The Syrian government has welcomed the framework deal for the destruction of its chemical weapons stockpile. The breakthrough on the contentions issue of Syria chemical weapons came on Saturday, three days after talks between Russian Foreign Minister Sergei Lavrov and U.S. Secretary of State John Kerry, began in Geneva.
"We welcome the agreement," Syrian Reconciliation Minister Ali Haidar is reported to have told a Russian news agency.
"On the one hand, it helps Syria come out of the crisis and, on the other, it helps avoid the war against Syria depriving those who wanted to launch it of arguments to do so," Minister Haidar was quoted as saying.
"It's a victory for Syria achieved thanks to our Russian friends."
The U.S. had threatened to attack Syria for a chemical attack in August which killed hundreds. The U.S. blames government forces loyal to President President Bashar al-Assad for having carried out the chemical attack. Assad government has however denied the allegations. They accused the rebels of carrying out the strike to draw the U.S. and allies into the conflict, on their side.
Syria has recently agreed to join the global Chemical Weapons Convention, and the UN said it would come under the treaty from 14 October. China, France, the UK, the UN, the Arab League and NATO have also expressed satisfaction at the agreement.
Calling it an "important step," U.S. President Barack Obama urged Syria to "live up to its public commitments". "If diplomacy fails, the United States remains prepared to act," Obama said. Reports quote Pentagon saying that U.S. military was still in position for military strikes.
However, analysts say the timetable for the process of disarmament and destruction of Syria's chemical weapon arsenal is as extremely ambitious.
The deal envisages Syria provide a full inventory of its chemical weapons in one week, all production equipment being destroyed by November, and all weapons being removed from Syria or destroyed by mid-2014.
If Syria fails to comply, the deal provides for a UN resolution to be sought under Chapter VII of the UN charter, which allows for the use of force. However, the Russian foreign minister maintained that the option to use force will be a last-ditch option.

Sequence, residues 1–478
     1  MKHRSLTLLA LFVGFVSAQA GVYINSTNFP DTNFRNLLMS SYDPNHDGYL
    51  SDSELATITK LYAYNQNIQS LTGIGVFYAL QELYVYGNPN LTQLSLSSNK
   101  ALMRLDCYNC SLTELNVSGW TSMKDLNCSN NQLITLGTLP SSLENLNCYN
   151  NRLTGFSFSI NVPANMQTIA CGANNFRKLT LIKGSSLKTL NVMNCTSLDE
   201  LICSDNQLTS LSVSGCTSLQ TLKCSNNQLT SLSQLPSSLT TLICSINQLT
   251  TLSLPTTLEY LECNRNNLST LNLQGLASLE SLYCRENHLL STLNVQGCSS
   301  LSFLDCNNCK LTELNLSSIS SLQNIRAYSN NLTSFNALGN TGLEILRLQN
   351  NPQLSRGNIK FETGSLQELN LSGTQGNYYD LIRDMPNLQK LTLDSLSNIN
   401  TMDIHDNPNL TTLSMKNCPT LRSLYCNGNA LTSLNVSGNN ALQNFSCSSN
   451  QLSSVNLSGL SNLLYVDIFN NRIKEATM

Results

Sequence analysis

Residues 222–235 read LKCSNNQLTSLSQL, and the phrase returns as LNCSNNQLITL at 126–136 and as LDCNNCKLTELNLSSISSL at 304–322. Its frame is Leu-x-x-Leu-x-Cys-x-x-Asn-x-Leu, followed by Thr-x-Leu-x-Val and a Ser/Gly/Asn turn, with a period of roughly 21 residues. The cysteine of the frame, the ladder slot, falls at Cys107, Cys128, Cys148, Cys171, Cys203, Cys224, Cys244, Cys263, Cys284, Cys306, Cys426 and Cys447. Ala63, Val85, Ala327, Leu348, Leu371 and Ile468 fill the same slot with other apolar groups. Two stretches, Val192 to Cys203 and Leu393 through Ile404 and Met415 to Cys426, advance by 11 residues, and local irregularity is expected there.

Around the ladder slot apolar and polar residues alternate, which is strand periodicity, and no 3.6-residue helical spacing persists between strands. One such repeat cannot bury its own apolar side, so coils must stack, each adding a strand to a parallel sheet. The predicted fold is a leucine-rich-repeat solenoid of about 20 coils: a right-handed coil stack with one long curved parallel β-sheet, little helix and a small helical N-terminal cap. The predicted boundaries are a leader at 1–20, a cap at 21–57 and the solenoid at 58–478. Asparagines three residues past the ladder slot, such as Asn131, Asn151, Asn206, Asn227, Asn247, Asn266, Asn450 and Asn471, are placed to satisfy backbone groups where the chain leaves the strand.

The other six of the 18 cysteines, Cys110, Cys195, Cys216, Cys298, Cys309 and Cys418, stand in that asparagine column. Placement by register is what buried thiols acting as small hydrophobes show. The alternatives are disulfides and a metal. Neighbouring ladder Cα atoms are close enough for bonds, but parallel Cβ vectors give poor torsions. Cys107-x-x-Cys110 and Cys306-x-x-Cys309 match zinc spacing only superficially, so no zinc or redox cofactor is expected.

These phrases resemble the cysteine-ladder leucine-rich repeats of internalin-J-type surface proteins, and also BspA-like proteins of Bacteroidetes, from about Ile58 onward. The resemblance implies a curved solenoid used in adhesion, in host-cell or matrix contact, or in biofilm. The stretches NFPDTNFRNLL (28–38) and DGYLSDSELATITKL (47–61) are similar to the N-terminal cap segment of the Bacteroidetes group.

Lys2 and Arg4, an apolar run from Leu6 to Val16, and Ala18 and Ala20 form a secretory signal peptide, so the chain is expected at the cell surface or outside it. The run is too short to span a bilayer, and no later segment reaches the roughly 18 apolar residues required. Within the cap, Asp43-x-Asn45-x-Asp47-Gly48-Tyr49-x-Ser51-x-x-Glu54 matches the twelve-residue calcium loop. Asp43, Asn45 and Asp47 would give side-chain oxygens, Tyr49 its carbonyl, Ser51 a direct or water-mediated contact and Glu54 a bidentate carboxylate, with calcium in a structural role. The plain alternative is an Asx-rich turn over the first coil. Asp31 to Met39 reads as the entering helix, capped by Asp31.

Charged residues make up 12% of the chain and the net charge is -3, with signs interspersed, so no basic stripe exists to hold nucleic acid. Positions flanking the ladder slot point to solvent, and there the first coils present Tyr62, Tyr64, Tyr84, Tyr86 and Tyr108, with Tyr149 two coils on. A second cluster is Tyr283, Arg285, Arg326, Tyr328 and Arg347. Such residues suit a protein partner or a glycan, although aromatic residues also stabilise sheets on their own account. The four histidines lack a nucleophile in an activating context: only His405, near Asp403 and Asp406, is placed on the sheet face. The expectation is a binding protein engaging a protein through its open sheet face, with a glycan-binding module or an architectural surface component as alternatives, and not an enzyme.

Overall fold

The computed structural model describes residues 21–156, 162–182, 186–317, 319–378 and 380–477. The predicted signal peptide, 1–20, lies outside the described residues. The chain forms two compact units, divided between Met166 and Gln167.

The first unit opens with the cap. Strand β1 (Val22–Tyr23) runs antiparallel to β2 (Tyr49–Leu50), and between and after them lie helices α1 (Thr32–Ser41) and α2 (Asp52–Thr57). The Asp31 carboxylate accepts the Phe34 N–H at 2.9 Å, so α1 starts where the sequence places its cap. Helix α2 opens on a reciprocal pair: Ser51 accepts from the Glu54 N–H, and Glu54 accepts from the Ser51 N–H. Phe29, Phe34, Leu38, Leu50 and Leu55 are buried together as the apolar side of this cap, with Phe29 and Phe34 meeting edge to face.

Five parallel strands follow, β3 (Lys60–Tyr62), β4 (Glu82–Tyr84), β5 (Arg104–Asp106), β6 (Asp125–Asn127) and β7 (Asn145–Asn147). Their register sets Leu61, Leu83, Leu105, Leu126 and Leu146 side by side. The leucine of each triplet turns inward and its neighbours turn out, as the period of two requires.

Reports quoted U.S. officials saying, that Russia and the U.S. agree that the Syrian government possesses 1,000 tonnes of chemical agents and precursors. However, both have not been able to agree on the number of sites where these materials are located.
U.S. believes the materials are located in 45 sites. It says all these sites are in government hands and about half of the material is useable quantities of chemical agents.
However, it is being thought that the Russians do not agree with U.S. assessment on the number of sites. Nor do the Russian agree that all the sites are in government's controlled areas.
Rebels Reject the Deal
However, rebel groups have rejected the framework deal. Military leader of the anti-Assad Free Syrian Army called it a Russian ploy to buy time for President Assad.
The Syrian National Coalition, the main umbrella opposition group has demanded that the ban on chemical weapons be extended to the Syrian government's use of ballistic missiles and air power against civilian population centres.
Meanwhile inside Syria, the fighting continued on Sunday. Heavy shelling by government forces on suburbs of Damascus was reported. The place has seen fierce fighting taking place for past several days.
Reports say that more than 100,000 people have died since the uprising against President Assad began in 2011.
Millions of Syrians have fled the country to escape the fighting. Most of the refugees are in neighbouring nations and millions of others have been internally displaced within Syria.
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